Since childhood, Mark Gardner has enjoyed working with his hands. But there is something about working with wood that gives the renowned artist the most satisfaction.
The artist: Growing up in Cincinnati, Gardner started as a child working with wood, his father’s hobby. At 16, he enrolled in a furniture-making class at the University of Cincinnati, where he later earned a degree in theater design and production. After college, Gardner took a wood-turning class at Arrowmont School for Arts and Crafts in Gatlinburg, Tenn. That class helped him decide to focus on woodworking rather than theater. He moved to Saluda, N.C., to work with wood-turner and sculptor Stoney Lamar.
The company: Mark Gardner Studio opened in 2000 in Saluda. Gardner has created sculptural wood pieces, but is currently focused on utilitarian pieces, such as bowls and household items.
What’s popular: Bowls in five sizes and five colors: white (the top seller), yellow, blue, green and orange. Bowls ($50 to $300) are finished with a food-safe walnut oil and beeswax paste finish that Gardner makes himself.
Other favorites: Cutting boards ($95) and mirrors ($195 to $500).
Where to buy: In Atlanta, at the American Craft Council Show (booth 910). See Gardner’s work at MarkGardnerStudio.com.
Annie Grimes Williams uses traditional metalsmithing techniques to create her contemporary, nature-inspired jewelry.
The artist: Grimes Williams grew up in Welcome, N.C., and studied metal design at East Carolina University.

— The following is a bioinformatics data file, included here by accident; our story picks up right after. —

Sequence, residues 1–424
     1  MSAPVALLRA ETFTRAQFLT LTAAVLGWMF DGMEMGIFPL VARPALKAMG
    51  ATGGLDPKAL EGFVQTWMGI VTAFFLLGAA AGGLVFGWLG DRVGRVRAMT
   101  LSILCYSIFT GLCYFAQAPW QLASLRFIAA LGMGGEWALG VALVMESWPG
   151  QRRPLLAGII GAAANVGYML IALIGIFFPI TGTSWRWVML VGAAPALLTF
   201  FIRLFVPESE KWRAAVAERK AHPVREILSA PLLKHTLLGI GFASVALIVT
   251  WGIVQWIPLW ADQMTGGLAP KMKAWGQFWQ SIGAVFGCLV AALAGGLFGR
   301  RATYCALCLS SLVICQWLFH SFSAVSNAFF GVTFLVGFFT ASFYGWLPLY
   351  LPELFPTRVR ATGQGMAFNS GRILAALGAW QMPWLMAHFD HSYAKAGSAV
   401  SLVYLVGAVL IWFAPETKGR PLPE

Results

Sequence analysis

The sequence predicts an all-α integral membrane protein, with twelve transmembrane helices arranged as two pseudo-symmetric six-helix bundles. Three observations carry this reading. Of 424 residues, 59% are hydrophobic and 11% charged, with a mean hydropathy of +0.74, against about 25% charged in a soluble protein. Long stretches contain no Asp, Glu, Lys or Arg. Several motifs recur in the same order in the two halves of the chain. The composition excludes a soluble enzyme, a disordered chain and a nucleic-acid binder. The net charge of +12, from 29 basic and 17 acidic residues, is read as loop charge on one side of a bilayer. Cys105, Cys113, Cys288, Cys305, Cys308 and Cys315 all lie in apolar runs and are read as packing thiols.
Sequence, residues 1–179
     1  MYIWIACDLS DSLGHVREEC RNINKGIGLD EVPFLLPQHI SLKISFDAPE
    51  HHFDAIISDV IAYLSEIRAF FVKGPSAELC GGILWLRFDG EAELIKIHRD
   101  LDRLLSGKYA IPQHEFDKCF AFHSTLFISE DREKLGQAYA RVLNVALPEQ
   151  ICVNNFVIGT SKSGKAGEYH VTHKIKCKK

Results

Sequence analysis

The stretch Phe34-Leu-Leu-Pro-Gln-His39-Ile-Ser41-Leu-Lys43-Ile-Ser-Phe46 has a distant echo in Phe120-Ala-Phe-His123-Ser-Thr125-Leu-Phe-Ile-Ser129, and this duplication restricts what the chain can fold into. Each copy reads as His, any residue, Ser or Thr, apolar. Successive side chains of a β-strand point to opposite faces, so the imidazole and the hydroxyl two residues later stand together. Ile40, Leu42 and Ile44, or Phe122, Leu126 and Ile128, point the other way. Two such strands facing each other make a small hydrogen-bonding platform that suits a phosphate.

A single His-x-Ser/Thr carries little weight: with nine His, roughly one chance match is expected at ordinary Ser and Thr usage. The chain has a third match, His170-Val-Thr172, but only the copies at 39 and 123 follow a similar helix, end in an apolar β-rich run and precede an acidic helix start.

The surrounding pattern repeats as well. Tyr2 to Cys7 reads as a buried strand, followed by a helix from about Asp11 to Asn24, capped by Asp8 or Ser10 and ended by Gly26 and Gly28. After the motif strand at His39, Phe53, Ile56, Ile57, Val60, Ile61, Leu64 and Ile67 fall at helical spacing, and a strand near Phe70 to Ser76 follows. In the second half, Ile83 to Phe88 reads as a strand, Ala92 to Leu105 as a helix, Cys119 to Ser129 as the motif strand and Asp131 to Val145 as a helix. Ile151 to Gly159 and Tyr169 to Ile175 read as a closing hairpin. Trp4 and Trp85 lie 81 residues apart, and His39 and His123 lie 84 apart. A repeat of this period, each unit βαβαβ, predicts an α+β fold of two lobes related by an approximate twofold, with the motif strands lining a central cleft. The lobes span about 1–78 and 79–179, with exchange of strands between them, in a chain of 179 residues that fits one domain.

After graduating in 2003, she made her jewelry on the side while working full time for another artist.
In 2009, she began teaching classes and workshops while starting her jewelry business.
The company: CopperTide Fine Metalwork and Enameling started in Winston-Salem, N.C., in 2011. It offers fine jewelry and metalwork using copper, vitreous enamel, sterling silver accents and findings (such as clasps, catches and ear wires).
What’s popular: Petal-shaped earrings ($40 to $150) in the Microcosm Collection, which feature pieces with torch-fired white enamel with organically inspired hand-drawn sgraffito (a form of decoration made by scratching) designs.
Other favorites: Chevron necklaces and dot earrings ($40 to $100) in the GeoChroma Collection, which includes simple geometric shapes with various color combinations. Many of the pieces are reversible.
Artist favorite: Pod forms in the SeaPods Collection ($100 to $300 with large cluster neckpieces ranging from $1,200 to $2,000).
Where to buy:CopperTide.net. In Atlanta, at the American Craft Council Show (booth 1308).
North Carolina’s Christine Kosiba became fascinated with ravens while living in Arizona. The striking black birds remain a central focus of the sculptor’s work.
The artist: Kosiba earned a master’s degree in education from North Georgia College (now the University of North Georgia). She taught in public schools for 12 years in Georgia and Arizona, often using clay as an enrichment tool while creating her art on the side. In 1997, the self-taught sculptor moved to Brevard, N.C.
The company: Christine Kosiba Sculpture started in Brevard in 2005 and primarily creates wildlife sculpture, using stoneware clay combined with a variety of surface treatments.
What’s popular: Ravens and crows ($350 to $800).
Other favorites: Foxes. A single fox ranges from $750 to $950. Also owls ($450 to $850).
Fun (or unusual) request: Create a “Krampus” for an “Edwardian Dreamscape,” an installation curated by artist Kirsten Stingle in 2015 at the Signature Shop & Gallery in Buckhead. After researching this medieval European folklore figure, Kosiba sculpted a 3-foot-tall rendition.
Claim to fame: Selected to create six bronze sculptures (five in Brevard and an installation of 16 frogs in downtown Blacksburg, Va.)
Where to buy: In Atlanta, at the American Craft Council Show (booth 114.) To see her work or commission a piece, visit ChristineKosiba.com.
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